I’ve flown this product before (and ones similar to it) from JFK to Europe. On the 767-400, the staggered seats are arranged in a 1 x 2 x 1 configuration with 40 spots available in the cabin.
The business-class seat itself feels cramped, with a width of only 21 inches — narrower than the 26-inch-wide business-class seats on American’s 777-300ER, but with a bit more give than the 20-inch-wide ones on United’s 767-400.
The seat does include access to power and USB outlets, Wi-Fi ($16 for a 24-hour pass) and a video-on-demand touchscreen, but I hate its lack of storage space. During takeoff I didn’t have anywhere to place my phone and other belongings, and to make matters worse, there’s also an inch-wide crack between the window and the seat where items can — and did — fall. This happened a couple of times throughout the flight with my phone and menu, and it was quite a nuisance.
The aisle seats are also very exposed. Even in business class I had to worry about getting hit by the food cart because my legs were sticking out into the aisle. To avoid this particular issue, I recommend the odd-numbered seats flush against the window so you’re not exposed. (For couples, it doesn’t really matter because the seats are always against each other.) I was in row 10, which doesn’t have any windows, and the crew rest seat is in row 9A.
The business-class seats have the so-called Delta Heavenly Bed, which in reality is just a pillow and blanket to go with your thin, flat bed — not quite the heavenly experience I was hoping for.
Despite the narrow width and the lackluster bed, though, I was still able to sleep pretty solidly for about five hours. Delta’s business-class seat may be a bit claustrophobic, but it does the job.
Food and Service
Overall I found the experience to be enjoyable. The flight attendants were friendly and helpful. While on the ground, we were served some sparkling wine while waiting for takeoff, and despite the fact that on foreign carriers you might have the chance to get a second drink, I wasn’t bothered by the one-drink service. I don’t want to be half-drunk on the tarmac!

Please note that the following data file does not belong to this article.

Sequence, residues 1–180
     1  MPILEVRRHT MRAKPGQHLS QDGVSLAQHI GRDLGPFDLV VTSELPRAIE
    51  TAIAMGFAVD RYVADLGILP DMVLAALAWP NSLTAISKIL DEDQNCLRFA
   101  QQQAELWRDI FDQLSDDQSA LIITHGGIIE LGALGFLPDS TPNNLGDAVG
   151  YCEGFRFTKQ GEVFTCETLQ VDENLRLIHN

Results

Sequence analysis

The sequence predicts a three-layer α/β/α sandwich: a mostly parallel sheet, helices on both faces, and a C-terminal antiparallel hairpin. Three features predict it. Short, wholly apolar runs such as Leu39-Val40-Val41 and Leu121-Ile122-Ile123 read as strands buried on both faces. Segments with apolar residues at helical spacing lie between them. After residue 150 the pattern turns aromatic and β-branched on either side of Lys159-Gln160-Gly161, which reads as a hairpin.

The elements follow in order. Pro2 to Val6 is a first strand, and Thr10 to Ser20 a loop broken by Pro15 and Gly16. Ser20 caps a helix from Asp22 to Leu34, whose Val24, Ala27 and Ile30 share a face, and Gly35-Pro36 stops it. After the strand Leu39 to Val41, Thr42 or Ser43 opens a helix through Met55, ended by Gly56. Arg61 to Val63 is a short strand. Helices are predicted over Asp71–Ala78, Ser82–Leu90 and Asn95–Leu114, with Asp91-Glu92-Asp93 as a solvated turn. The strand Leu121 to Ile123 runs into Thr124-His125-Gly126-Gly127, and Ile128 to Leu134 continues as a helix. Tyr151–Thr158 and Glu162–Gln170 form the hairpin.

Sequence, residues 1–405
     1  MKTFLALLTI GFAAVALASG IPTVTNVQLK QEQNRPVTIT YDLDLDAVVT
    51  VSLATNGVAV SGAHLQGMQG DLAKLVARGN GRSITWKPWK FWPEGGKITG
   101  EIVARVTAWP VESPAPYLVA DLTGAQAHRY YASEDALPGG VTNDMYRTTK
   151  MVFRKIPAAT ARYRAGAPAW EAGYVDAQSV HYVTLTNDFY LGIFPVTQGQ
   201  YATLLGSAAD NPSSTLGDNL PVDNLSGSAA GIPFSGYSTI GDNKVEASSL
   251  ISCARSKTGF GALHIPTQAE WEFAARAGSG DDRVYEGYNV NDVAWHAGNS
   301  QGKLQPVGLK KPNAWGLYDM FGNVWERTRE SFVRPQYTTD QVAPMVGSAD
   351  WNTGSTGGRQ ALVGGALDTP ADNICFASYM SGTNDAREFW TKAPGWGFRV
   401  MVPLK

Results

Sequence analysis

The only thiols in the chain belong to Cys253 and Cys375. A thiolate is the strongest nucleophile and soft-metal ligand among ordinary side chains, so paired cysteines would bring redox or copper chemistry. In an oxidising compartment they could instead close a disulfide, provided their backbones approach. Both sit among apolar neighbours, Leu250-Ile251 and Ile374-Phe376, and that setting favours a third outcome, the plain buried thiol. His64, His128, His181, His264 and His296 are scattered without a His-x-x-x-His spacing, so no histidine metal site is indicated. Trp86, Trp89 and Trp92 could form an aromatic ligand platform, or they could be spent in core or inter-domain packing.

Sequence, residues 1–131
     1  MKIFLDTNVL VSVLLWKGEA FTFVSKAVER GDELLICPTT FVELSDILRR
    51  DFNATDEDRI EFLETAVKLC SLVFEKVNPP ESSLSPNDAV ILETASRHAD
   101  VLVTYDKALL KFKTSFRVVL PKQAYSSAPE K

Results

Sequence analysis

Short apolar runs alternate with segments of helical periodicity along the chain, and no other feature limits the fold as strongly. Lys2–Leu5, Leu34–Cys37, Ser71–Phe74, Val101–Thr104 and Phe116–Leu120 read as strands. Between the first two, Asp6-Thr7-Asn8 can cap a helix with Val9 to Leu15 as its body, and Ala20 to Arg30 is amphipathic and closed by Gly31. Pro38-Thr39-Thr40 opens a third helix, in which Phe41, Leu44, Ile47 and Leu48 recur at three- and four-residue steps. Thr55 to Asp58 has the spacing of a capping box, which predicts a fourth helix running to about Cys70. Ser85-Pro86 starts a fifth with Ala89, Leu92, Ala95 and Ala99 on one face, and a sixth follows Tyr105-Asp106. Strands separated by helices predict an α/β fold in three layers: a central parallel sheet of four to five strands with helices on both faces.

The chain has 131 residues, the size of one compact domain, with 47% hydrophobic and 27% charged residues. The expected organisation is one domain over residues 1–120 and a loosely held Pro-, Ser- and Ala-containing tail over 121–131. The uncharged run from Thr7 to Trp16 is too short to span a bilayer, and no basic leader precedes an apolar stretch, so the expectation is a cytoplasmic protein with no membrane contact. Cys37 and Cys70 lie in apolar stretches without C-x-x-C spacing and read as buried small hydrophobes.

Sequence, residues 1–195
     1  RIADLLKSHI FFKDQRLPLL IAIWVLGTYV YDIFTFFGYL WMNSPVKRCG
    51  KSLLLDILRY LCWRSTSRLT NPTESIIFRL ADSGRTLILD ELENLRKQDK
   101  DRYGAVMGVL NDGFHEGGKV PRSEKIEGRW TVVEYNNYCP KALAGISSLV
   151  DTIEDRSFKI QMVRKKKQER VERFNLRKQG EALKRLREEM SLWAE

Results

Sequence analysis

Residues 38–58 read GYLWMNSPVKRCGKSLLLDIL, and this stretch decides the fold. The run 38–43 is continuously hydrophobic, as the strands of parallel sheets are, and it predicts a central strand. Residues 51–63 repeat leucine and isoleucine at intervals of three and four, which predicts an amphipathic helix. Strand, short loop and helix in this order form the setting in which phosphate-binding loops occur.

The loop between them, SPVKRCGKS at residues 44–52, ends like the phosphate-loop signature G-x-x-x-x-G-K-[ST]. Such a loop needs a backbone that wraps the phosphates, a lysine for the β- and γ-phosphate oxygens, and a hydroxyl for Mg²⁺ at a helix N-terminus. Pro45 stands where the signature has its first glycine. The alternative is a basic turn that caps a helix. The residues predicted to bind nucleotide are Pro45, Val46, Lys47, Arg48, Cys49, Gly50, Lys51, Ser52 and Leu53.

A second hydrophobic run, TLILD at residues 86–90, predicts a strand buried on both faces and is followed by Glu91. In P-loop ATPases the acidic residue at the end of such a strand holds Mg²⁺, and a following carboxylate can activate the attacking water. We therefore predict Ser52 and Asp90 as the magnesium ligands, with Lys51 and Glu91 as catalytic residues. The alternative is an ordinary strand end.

The food was pretty good, too. We started with a shrimp appetizer served with some sort of ranch dipping sauce (see photo above), which was really tasty.
Then I was served a small salad with some arugula sprouts and goat cheese — it didn’t taste bad, but was possibly the saddest looking salad I’ve ever seen on a plate.
The most controversial part of my in-flight dining experience was soup served in a coffee mug, paired with a pretzel roll. The soup and bread themselves were delicious, but some flyers might not like this presentation. I personally didn’t mind it — I think a coffee mug is a pretty functional answer to the potential problem of soup and turbulence — I just think you would never see this on more formal carriers.
The four main entree choices were:
-Seared Beef Tenderloin
-Chicken Cacciatore (my choice)
-Three Cheese Manicotti
-Chilled Plate (Cold fried chicken and potato salad)
My choice, the Chicken Cacciatore, was a bit fatty, while I would have greatly preferred a lean, simple chicken breast; the stand-out in this course was the yummy side of garlic broccolini.
For dessert, there were ice cream sundaes and other little treats, as well as some huge strawberries which were pretty darn divine. The specific options were:
-Vanilla Ice Cream Sunday
-Tasting of Sweet Treats
-Selection of Fine Cheeses
In terms of service, the biggest hiccup was at breakfast. I woke up about 50 minutes prior to arrival, and the staff essentially rushed me through breakfast so that they could begin packing up for our descent. The attendants said that they’re required to finish service 45 minutes before landing, so I really only had five minutes to scarf down my breakfast. For some reason, foreign carriers are much less focused on rushing service than US carriers. In my opinion, needing to be completely done with service 45 minutes prior to arrival is a little extreme.
In addition to my choices, there were several wine and Champagne options on the flight:
-Villa Antinori Bianco Toscana IGT (Italy 2013)
-Villa Wolf Riesling Dry Loosen Brothers (Germany 2013)
-Frescobaldi Castiglioni Chianti (Italy 2013)
-Ontañón Bodegas Reserva (Spain 2004)
-Champagne Jacquart Brut Mosaïque (Reims, France NV)
Delta was a great choice for this particular situation. The direct flight to Nice was crucial to me for maximizing limited time in Monaco, and with quite a few Delta SkyMiles saved up, it didn’t break the bank. I normally wouldn’t pay for a $14,000+ flight, but I was still able to redeem miles at a pretty good value.
However, Delta still overvalues its service. Neither the food nor the comfort of the flight was anything spectacular, so it’s a tough sell with so many better options on different carriers and routes. Overall, this is just a normal flight. If I had paid the full $14,000 for it, I’d have had a heart attack.
Soon coming: reviews of my helicopter transfer from Nice (NCE) to the Le Méridien Monaco, and my stay at that hotel!